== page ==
Famed architects discuss what makes a house a home
The home is not just a place to live — it is the ultimate manifestation of intimacy as it inhabits architects’ thoughts and values related to lifestyle.
In a press conference on Thursday, renowned architects Cho Byoung-soo and Choi Wook shared their thoughts on Korean architecture and the fundamental importance of the home at the Dongdaemun Design Plaza (DDP) in central Seoul.
Their joint exhibition, titled “Homely Talk: Cho Byoung-soo X Choi Wook,” kicked off on Sept. 2 and will run until Oct. 3 at DDP’s D-SOOP, a lounge on the first floor of the Design Lab building.
Cho is the founder of BCHO Architects and well-known for cafe Camerata in Paju, Gyeonggi and the F1963 cultural complex in Busan. Choi is the director of One O One Architects and famous for Hakgojae Gallery, a major commercial gallery in central Seoul, and Hyundai Card Design Library in Jongno District, central Seoul.
The exhibition at the DDP, which consists of six video installations, explores the question of how a house can be a better home and improve lifestyle. The videos show past drawings and sketches from Cho and Choi’s respective studies abroad, the houses they each currently live in, the work spaces of homes they've designed, as well as interviews with the pair.
The exhibition is divided into four sections: “House Within a House,” “House,” “Work House” and “House Proposals: Sensory House, Adjacent House, Island House,” with the significance of houses portrayed in each theme — and especially how they have changed during the pandemic.
When asked how space should be efficiently used in houses that function as both a home and a workplace since more and more people are now working from home, Cho stressed the importance of outdoor spaces.
“A home needs to have room for a balcony or lawn,” said Cho. “And better ventilation and control of sunlight. In the past, houses were built after considering all these factors but nowadays houses are more focused on shapes and forms. People need to feel connected to nature, but there isn’t enough space in houses to encourage that.”
Cho compared Korean houses with those in Europe, like terraced houses in the United Kingdom, which adjoin each other but many of which have small outdoor spaces. However, houses in Korea are the opposite — they have less space for a yard and are spaced further apart.
The types of homes that correspond to each of Choi and Cho’s values are shown in the final section, “House Proposals,” where the architects’ major works are on display. The section introduces popular, contemporary cultural spaces they have designed and the enriching experiences they provide to visitors. However, these hot spots aren’t just your everyday cultural spaces, but are in fact referred to as “homes.”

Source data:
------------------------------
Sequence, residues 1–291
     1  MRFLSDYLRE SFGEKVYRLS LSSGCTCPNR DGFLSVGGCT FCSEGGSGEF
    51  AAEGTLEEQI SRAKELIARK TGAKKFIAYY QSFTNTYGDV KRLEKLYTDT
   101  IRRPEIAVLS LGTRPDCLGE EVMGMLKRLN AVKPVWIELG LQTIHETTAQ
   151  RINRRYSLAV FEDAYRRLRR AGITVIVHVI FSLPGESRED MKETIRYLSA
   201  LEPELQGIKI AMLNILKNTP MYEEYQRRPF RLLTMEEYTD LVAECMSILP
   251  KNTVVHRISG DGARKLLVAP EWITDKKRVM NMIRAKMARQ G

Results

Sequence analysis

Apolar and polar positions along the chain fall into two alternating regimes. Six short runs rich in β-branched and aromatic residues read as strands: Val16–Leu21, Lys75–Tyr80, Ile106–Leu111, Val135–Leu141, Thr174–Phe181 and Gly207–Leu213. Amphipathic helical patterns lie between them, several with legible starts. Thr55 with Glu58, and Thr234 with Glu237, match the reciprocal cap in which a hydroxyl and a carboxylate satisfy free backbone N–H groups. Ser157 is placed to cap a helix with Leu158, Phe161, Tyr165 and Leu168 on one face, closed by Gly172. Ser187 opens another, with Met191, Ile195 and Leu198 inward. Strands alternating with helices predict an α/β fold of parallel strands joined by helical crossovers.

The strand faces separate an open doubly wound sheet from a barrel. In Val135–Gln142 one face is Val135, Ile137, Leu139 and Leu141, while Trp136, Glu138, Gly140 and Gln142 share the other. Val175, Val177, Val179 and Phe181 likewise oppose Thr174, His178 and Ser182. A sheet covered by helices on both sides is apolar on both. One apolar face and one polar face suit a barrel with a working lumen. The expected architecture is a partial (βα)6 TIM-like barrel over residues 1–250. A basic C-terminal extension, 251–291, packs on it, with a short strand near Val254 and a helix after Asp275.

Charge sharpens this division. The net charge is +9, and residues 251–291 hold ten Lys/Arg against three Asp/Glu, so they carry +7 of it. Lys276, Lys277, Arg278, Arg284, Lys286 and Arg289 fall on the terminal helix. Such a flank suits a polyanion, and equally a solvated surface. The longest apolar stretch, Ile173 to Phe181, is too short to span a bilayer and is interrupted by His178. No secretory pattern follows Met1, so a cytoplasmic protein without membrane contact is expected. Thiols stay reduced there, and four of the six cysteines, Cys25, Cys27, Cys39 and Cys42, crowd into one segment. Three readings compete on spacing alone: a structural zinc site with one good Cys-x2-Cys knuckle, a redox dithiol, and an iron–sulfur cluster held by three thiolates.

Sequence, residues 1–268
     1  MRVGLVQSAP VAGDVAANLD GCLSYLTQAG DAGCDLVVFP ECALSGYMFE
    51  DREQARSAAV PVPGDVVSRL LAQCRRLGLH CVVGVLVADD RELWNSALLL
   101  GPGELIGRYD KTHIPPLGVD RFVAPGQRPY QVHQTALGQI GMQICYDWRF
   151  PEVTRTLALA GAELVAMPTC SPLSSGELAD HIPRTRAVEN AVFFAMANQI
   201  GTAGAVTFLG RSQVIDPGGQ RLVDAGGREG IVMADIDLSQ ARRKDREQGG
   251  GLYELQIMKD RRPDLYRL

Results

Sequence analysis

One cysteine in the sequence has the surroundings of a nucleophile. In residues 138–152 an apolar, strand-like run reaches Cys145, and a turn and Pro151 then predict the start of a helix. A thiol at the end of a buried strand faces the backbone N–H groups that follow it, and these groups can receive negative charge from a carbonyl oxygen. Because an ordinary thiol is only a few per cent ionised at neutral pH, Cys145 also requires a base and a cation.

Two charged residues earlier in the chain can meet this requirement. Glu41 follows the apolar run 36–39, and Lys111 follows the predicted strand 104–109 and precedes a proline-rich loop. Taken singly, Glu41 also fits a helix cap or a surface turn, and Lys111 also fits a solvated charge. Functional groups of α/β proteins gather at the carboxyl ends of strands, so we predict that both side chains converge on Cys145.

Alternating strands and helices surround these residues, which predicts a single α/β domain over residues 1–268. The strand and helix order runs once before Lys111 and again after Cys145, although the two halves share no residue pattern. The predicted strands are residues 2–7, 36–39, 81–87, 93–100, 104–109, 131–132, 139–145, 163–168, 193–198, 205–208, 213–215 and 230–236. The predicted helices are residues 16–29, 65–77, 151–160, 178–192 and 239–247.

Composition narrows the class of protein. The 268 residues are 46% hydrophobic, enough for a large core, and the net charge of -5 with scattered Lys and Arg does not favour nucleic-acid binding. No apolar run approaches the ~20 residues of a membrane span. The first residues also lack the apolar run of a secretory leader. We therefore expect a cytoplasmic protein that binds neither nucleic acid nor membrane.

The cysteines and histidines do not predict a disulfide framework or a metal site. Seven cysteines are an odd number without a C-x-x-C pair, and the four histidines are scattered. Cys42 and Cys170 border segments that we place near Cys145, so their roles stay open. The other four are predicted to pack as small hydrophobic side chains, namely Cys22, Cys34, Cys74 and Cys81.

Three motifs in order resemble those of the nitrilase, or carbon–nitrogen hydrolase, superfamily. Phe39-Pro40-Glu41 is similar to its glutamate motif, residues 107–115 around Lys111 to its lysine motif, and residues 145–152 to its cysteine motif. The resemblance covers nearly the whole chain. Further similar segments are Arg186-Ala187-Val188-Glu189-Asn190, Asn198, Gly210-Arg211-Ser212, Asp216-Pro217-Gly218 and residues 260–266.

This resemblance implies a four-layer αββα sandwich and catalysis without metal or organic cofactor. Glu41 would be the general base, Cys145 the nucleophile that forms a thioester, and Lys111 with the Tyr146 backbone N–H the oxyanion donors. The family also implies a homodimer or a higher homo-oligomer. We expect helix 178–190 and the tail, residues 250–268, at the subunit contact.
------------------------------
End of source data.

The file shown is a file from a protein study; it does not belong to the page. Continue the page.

For instance, the Hyundai Card Design Library (designed by Choi) and Camerata (designed by Cho) are described as “sensory houses.”
“The Hyundai Card Design Library may be a library, but it was sophisticatedly designed to feel welcoming and more like home to visitors,” Choi explained. “This is distinctive from regular libraries as they tend to focus on the functional uses of space, like the location and size of the bookshelves.”
The Hyundai Card Design Library contains a cafe and an exhibition space, and a large steel table to read among thousands of rare design books.
As for Camerata, a cafe-like building known for playing classical music through large speakers, Cho said that he emphasized sound, not the visuals of the interior, by designing the building as a mostly dark, hollow space.
The exhibition also dives into private homes, specifically Choi’s and Cho’s, in the “House” section, likening them to a prototype that symbolizes a combination of experiences and lifestyle. A subsection, “Reworked House,” shows houses that Choi and Cho have each lived in before, which have now been renovated. In addition to another subsection “Current House,” homes they are living in now, “Second House” is explained to be where new ideas and experimental thoughts emerge.
Korean architecture, both architects agree, is special in its own way, although their reasons are different.
“Juxtaposition is one feature that makes Korean culture, as a whole, daring and bold,” said Choi. “I remember one time, when I was studying in Italy about 30 years ago, a composer of modern music came to me and asked why the instruments in Korean traditional music don’t harmonize as well as those in European classical music. He said there was something oddly unique about it. I personally think it’s because each instrument has a strong individuality that makes them stand out — and this applies to architecture too.”
Cho attributed Korean architecture’s charm to weather and geological factors. “Local buildings have been built to adapt to natural circumstances [instead of artificially destroying nature to have it fit into modern civilization]. They are filled with liveliness. The imperfections are what give Korean architecture its originality, yet modern times have created a system where everything must be in order. This isn’t just Korea’s problem — the entire world has gotten stiff and dry. I wish we would just accept the flaws as they are and realize that the uniqueness is what makes architecture great, too.”
The exhibition is free to the public but reservations are required in advance. It is open every day from 10 a.m. to 6 p.m., except on Mondays and Sept. 21, Chuseok day. Visit ddp.or.kr/eng/main to make a reservation.
BY SHIN MIN-HEE [firstname.lastname@example.org]